The Landmarks Preservation Commission protected Grand Central from demolition, but the dilapidated terminal was still ailing. Restoring its former glory required an owner that recognized the station’s beauty and potential, craftsmen able to renovate its battered décor, and strong public support. It also required money. In 1982, Metro-North took over the terminal—now primarily a commuter hub—and launched a four-year, $12 million repair program that stopped further deterioration but didn’t erase decades of decay. In 1990, Metro-North announced ambitious plans to restore the station’s structural, architectural, and decorative glory. Peter E. Stangl, Metro-North’s first president and later Chairman of the MTA, led these efforts. Metro-North’s vision went far beyond simply refurbishing the building. Its master plan reimagined Grand Central as a vibrant shopping and dining destination, reclaiming its role as New York’s town square.

Jacqueline Kennedy Onassis at Grand Central, 1975

“Is it not cruel to let our city die by degrees, stripped of all her proud monuments, until there will be nothing left of all her history and beauty to inspire our children…?”

Jacqueline Kennedy Onassis
Writing to Mayor Abe Beame


The struggle to save and restore Grand Central preserved an icon of New York’s past. In coming decades, the challenge will be ensuring that Grand Central serves New York’s future. The terminal must remain an uplifting, glorious public space, but it also must meet the region’s evolving transportation needs. Current work to expand Grand Central by opening it to commuters from Long Island is an exciting first step in launching its second 100 years.


You live on Long Island, which is east of Manhattan. You work on Manhattan’s East Side. Yet your commute takes you across town and leaves you on the West Side. What’s wrong with this picture? East Side access will bring Long Island Rail Road (LIRR) trains to Grand Central, enabling an estimated 162,000 LIRR commuters who work on the East Side to avoid trekking from the West Side by bus, subway, taxi, or on foot. The expanded service—which has been on the drawing board since the late 1960s—also will establish connections between the LIRR and Metro-North lines, as well as linking Grand Central to the JFK Airport via the AirTrain through Jamaica Station in Queens.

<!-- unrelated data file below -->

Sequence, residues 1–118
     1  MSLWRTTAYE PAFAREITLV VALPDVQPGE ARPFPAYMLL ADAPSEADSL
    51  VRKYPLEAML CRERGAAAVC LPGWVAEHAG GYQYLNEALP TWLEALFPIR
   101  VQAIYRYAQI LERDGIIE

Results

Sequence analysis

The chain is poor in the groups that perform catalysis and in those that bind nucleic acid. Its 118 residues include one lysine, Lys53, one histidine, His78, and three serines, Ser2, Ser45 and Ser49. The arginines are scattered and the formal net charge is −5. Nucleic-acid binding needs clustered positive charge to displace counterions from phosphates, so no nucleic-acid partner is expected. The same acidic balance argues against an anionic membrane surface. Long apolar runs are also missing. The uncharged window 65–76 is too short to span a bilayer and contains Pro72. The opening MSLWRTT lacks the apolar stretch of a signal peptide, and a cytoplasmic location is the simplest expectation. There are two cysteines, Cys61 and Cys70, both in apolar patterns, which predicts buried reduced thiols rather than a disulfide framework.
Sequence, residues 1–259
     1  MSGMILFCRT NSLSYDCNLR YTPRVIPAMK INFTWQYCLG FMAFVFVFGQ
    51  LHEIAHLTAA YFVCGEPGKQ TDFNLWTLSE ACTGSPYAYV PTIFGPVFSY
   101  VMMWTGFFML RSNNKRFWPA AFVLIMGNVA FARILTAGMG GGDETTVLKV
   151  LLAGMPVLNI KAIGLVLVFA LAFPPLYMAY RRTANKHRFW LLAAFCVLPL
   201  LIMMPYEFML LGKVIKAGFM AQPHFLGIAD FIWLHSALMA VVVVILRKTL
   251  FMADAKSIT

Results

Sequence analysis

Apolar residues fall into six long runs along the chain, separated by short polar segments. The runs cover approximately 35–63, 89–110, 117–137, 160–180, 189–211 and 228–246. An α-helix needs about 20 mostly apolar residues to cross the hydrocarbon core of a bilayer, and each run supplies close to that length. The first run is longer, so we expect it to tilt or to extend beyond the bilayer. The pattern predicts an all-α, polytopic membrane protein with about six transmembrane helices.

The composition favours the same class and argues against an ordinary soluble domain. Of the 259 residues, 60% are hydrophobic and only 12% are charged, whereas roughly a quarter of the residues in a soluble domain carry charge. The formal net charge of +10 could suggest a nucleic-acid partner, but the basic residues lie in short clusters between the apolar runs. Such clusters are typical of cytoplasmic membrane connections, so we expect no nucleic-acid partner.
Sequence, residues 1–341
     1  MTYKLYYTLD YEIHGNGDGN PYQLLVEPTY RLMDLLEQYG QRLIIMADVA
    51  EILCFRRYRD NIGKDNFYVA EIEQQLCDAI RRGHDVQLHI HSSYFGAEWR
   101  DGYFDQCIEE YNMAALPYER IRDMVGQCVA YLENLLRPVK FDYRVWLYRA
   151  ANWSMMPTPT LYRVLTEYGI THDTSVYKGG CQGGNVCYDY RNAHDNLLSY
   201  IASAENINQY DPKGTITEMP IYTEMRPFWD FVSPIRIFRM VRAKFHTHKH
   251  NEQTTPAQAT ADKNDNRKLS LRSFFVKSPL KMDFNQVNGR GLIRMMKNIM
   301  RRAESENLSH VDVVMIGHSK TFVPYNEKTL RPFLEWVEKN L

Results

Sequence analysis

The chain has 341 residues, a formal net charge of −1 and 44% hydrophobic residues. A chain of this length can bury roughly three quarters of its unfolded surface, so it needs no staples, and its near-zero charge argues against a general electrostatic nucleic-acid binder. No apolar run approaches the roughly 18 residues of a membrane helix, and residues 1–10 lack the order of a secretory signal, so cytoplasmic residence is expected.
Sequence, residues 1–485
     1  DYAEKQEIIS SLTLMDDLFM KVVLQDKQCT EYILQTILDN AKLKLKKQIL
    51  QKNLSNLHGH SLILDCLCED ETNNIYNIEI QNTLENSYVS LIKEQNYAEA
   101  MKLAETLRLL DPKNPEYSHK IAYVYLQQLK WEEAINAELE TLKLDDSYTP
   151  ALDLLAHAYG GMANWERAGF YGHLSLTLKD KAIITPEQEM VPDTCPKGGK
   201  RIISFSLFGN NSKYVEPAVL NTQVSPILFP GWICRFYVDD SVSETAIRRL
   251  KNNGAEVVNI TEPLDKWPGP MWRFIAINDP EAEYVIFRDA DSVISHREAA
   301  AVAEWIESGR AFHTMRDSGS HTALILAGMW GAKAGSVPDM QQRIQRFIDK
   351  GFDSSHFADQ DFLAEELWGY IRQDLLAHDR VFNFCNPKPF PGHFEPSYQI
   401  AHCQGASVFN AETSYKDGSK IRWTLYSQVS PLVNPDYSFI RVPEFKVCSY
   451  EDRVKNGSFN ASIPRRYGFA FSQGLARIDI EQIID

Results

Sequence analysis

Step outside Grand Central. Look around. You’ll notice a building or two. Maybe some cars. The neighborhood is among the most densely packed in the world, with streets, skyscrapers, people, and traffic above ground and a labyrinth of cables, sewers, steam pipes, and of course train tracks below. Bringing the Long Island Rail Road to this crowded urban thicket is challenging. Eight miles of new underground track will link Grand Central to the LIRR facilities in Harold Interlocking in Queens via the existing 63rd Street tunnel. Excavating the new connections required different equipment on either side of the river: soft-ground boring machines for the sand and gravel in Queens, hard-rock machines to slice through solid rock in Manhattan.


The new Long Island Rail terminal—Manhattan’s first major terminal in more than 90 years—will be underground: 140 feet below Park Avenue, between 44th and 48th Streets. In the lower terminal, steel and glass will create a sleek, modern feel. As passengers rise toward the 350,000 passenger concourse and street level, however, visual references to Grand Central’s Beaux-Arts style will create a smooth transition to the century-old landmark above. The East Side Access project will provide eight new miles of track to connect Long Island Rail Road to Grand Central Terminal. Transportation efficiency meets energy efficiency! Green design at the new LIRR concourse and terminal will combine maximum comfort with minimal power and water use. Explore how it is being constructed beneath Grand Central Terminal and exactly how tunnel boring machines operate.


The New York Transit Museum, one of the city’s leading cultural institutions, is the largest museum in the United States devoted to urban public transportation history, and one of the premier institutions of its kind in the world. The Museum explores the development of the greater New York metropolitan region through the presentation of exhibitions, tours, educational programs, and workshops delving into the cultural, social, and technological history of public transportation.

“Grand By Design” was originally on display in Vanderbilt Hall February 1 to March 15, 2013 to commemorate the Centennial of Grand Central Terminal. The exhibition was also displayed at the Riverfront Library in Yonkers, New York January 11 to March 17, 2014.

© 2014−2017 New York Transit Museum


Next 100 Years - Square